Northwest Fisheries Science Center

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Document Type: Journal Article
Center: NWFSC
Document ID: 7410
Title: Impact of light on catch rate of four demersal fish species during the 2009 - 2010 U.S. west coast groundfish bottom trawl survey
Author: Mark J. Bradburn, A. A. Keller
Publication Year: 2014
Journal: Fisheries Research
Volume: 164
Pages: 193-200
Keywords: demersal fish, light levels, catch,
Abstract:

We examined the relationship between near-bottom light levels, catch rates, and catch probability for four abundant groundfish species well represented in annual bottom trawl surveys: arrowtooth flounder (Atheresthes stomias), greenstriped rockfish (Sebastes elongatus), longnose skate (Raja rhina), and Pacific hake (Merluccius productus). Relative downward irradiance was measured with net-mounted archival tags during annual trawl surveys along the U.S. west coast in 2009 and 2010. Near-bottom light levels were recorded for 818 hauls at depths less than 400 m. Significant linear relationships were observed between catch per unit effort  (CPUE, kg ha-1) and near-bottom light (P < 0.05).  CPUE of arrowtooth flounder, longnose skate, and Pacific hake was negatively related to near-bottom light.  For these species, CPUE decreased 16 - 22% per unit increase in log10 photon flux (μE m-2 s-1).  CPUE of greenstriped rockfish increased 39% per unit increase in log10 photon flux.  Light, depth, and latitude explained 15 - 47% of the variance in CPUE for the four species. Catch probability was significantly related to light, depth, latitude, and relative time of day (P < 0.05).  For all species, catch probability varied inversely with light when depth was less than 150 m. At depths greater than 150 m, catch probability increased with light for arrowtooth flounder and greenstriped rockfish.  Catch probability for longnose skate was relatively unaffected by light at depths greater than 150 m.  We used these relationships to explain the variability in catch rates for individual species within bottom trawl surveys. By influencing the density and distribution of these groundfish species, light can alter catch rates.  Furthermore, we found possible herding of greenstriped rockfish, and trawl avoidance by arrowtooth flounder, Pacific hake, and longnose skate.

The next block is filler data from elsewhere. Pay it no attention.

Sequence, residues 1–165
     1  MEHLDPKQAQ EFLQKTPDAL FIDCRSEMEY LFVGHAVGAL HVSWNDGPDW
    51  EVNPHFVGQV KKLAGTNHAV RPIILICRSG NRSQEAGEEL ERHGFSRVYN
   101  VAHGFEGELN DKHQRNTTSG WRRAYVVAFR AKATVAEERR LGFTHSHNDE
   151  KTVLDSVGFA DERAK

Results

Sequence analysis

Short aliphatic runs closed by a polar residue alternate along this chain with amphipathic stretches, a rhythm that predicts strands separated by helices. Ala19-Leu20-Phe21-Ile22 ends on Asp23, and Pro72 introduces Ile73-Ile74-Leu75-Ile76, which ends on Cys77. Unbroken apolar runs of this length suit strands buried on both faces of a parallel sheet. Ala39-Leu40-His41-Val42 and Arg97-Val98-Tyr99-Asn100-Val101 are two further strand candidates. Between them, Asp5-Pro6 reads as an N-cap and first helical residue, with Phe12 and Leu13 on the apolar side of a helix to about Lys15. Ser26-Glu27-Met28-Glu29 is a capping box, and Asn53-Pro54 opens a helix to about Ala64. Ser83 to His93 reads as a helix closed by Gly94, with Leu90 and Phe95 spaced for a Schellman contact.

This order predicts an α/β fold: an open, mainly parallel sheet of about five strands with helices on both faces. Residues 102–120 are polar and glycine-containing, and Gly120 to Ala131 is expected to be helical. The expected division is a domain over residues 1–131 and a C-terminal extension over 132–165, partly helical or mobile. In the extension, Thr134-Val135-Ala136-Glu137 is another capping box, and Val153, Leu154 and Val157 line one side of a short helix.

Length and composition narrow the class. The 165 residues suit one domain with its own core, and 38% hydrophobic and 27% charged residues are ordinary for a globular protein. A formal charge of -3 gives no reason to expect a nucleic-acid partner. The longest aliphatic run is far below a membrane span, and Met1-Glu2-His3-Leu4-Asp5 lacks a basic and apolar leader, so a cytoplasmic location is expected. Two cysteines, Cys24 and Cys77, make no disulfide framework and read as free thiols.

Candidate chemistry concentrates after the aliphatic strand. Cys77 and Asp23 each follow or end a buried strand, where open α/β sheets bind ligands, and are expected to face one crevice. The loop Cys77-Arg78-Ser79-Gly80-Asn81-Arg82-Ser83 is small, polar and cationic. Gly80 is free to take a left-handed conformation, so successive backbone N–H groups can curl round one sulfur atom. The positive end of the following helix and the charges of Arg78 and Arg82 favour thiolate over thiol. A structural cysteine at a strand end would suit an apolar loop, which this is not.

Theme: Recovery and rebuilding of marine and coastal species
Official Citation:

 

Bradburn, M. and A.A. Keller. 2015. The effect of light on the catch rate of four species from the Northwest Fisheries Science Center’s west coast groundfish bottom trawl survey (2009 – 2010).  Fish. Res. 164:193-200.